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The Student Who Lied Her Way Into the Devlin Interview

Discussion in 'Journalism topics only' started by 21, Jan 23, 2007.

  1. I can't believe some of the things I've read on this thread. And you wonder why we have credibility issues.

    Look guys. First rule of journalism is don't lie. Never lie. Ever.

    If you can finagle an interview by letting someone believe what they want fine. But if they ask you your name, who you work for and/or whether you're a member of the press you answer truthfully. You don't say you're the guy's family. That's lying.

    There is nothing ethical about that. You don't deserve your job. Should she get a job out of college? Sure, but only after a trip to the woodshed and probation ... but she'll never shed concerns that she's the next Janet Cooke.

    There's no question this was wrong. Lying is one of my few absolute's. The other is my vodka.
  2. Starman

    Starman Well-Known Member

    Well remember, we're talking about the New York Post here, so nothing in this discussion has anything whatsoever even remotely to do with "journalism." :D :D
  3. Columbo

    Columbo Active Member

    A food critic isn't up front....

    Any consumer reporter shouldn't be either....

    I don't think there is a problem at all insuring a truthful report through subterfuge.
  4. I'll clarify: there's no need to volunteer information about yourself to gain access to something, especially something that the open public is invited into. But if you're going to interview someone you should state your name and the newspaper you work for.
  5. The Big Ragu

    The Big Ragu Moderator Staff Member

    There's a history of muckraking journalism in this country that has relied on deceit to get the story, as far back at least as Nelly Bly in the 1880s, when she feigned insanity to get committed to a mental institution so she could report on the horrors. This is why I said early in the thread that I made a distinction between this more recent woman lying to get past prison officials so she could actually ask the guy for the interview and her lying to him about who she was writing for. One lie was necessary to get a chance at an honest story. The other lie made the story itself dishonest. That's why I see a distinction.
  6. Indeed, Upton Sinclair she is not.
  7. Piotr Rasputin

    Piotr Rasputin New Member

    But that very subterfuge allows observers to question the truthfulness of the report itself.
  8. novelist_wannabe

    novelist_wannabe Well-Known Member

    Sure he did. And outside the state of Alabama, he was put to the fire for lying. On this board, he was grilled for, what, 20 pages, in part because we in the media felt he lied. If we as an industry are going to do that, then we can't exempt ourselves from being truthful when it suits our purposes. Because then we've become what we despise in people like Saban.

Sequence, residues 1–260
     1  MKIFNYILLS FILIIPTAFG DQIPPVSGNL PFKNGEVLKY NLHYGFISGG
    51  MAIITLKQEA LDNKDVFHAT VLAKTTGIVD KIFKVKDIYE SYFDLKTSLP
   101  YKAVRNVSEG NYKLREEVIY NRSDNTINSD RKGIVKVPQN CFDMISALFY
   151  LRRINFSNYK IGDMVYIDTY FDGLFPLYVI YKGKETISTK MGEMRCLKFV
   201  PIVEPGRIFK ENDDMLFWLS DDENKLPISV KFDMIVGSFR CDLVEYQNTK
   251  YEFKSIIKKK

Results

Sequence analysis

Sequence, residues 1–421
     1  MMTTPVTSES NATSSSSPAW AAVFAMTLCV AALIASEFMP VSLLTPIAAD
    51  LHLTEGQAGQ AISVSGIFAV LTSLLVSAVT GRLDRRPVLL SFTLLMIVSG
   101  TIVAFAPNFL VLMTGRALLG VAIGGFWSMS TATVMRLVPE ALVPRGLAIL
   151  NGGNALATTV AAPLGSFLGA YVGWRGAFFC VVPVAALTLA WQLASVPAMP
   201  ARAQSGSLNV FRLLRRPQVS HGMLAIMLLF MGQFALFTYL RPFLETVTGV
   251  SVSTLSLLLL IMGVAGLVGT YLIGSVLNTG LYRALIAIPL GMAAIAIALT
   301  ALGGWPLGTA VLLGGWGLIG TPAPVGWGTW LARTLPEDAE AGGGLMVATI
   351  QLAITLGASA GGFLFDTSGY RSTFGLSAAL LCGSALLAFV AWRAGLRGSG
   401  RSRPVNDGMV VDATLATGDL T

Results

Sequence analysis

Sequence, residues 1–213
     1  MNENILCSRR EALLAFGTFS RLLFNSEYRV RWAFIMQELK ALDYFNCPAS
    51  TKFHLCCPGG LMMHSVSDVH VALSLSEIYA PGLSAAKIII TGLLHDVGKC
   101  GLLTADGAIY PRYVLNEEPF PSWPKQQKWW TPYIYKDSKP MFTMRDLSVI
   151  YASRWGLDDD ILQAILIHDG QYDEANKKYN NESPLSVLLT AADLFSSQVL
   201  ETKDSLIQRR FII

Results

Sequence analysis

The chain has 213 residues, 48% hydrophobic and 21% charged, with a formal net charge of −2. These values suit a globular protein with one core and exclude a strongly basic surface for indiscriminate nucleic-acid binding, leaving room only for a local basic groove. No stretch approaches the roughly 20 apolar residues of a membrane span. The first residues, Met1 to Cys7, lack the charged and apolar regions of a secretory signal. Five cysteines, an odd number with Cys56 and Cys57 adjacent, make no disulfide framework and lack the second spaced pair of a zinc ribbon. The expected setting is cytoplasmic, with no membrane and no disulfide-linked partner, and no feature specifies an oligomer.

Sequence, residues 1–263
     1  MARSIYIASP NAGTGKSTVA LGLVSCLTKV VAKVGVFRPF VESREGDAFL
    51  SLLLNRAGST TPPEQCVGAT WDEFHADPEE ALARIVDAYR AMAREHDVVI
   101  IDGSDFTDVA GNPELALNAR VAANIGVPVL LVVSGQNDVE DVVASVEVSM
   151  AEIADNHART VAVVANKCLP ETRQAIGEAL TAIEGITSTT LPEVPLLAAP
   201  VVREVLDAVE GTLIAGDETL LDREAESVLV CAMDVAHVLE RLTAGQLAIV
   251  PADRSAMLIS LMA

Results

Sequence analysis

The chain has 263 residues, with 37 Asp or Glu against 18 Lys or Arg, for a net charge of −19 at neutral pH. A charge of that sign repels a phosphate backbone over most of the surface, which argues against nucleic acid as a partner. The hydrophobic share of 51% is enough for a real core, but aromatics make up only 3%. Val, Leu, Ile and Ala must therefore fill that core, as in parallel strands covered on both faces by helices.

9. Double J

    Double J Active Member

    "LUKE PERRY IS GAY," by Meg Griffin.
  10. EE94

    EE94 Guest

    That is so sanctimonious.
    Yes, what she did was wrong.
    But her instincts to pursue a big story, her gumption to not be deterred by authority, to not take an easy path, that's what you want in a reporter.
    She can be taught the ethics.
    You can't teach that kind of natural reporting instinct
  11. dog428

    dog428 Active Member

    First, I think we need to know a bit more about what she actually said to the guy before we come to any conclusions about this girl. It doesn't make sense to me that she would tell this guy that she was writing for a college paper and not the Post. (And of all the "shocking" things on this thread, the fact that some are willing to take at face value the word of a guy who's in prison for kidnapping two kids is at the top of the list.)

    Also, the criticism over her asking about his favorite video game and that sort of shit seems a bit idiotic. It's obvious from the story that she asked all the right questions, too. He just refused to answer a lot of the biggies. What was she gonna do? Write "no comment" over and over? She talked to the guy and got some decent info out of him. She just included a lot of fluffy shit to fill the thing out.

    I have absolutely no problem with her lying to get into the prison. That's where her story was and she took the best approach to get it. She didn't lie to this guy (that we know of). She certainly told him she was some sort of reporter. That's good enough for me. If she comes out later and admits to lying to him about where the story would appear, I might change my mind somewhat. But right now, with the facts we know, it looks like a damn good job to me.
  12. jfs1000

    jfs1000 Member

    I like the fact that she went after the story. Don't you think journalism sometimes is bogged down by ethics? I hate when sources and interview subjects use your professionalism and ethics against you.

    Many people are media savy and they know where reporters won't go. To interview and get the story about slime, you have to be slime.

    I want a reporter who will push the limits. She did nothing wrong or illegal. That's good enough for me.
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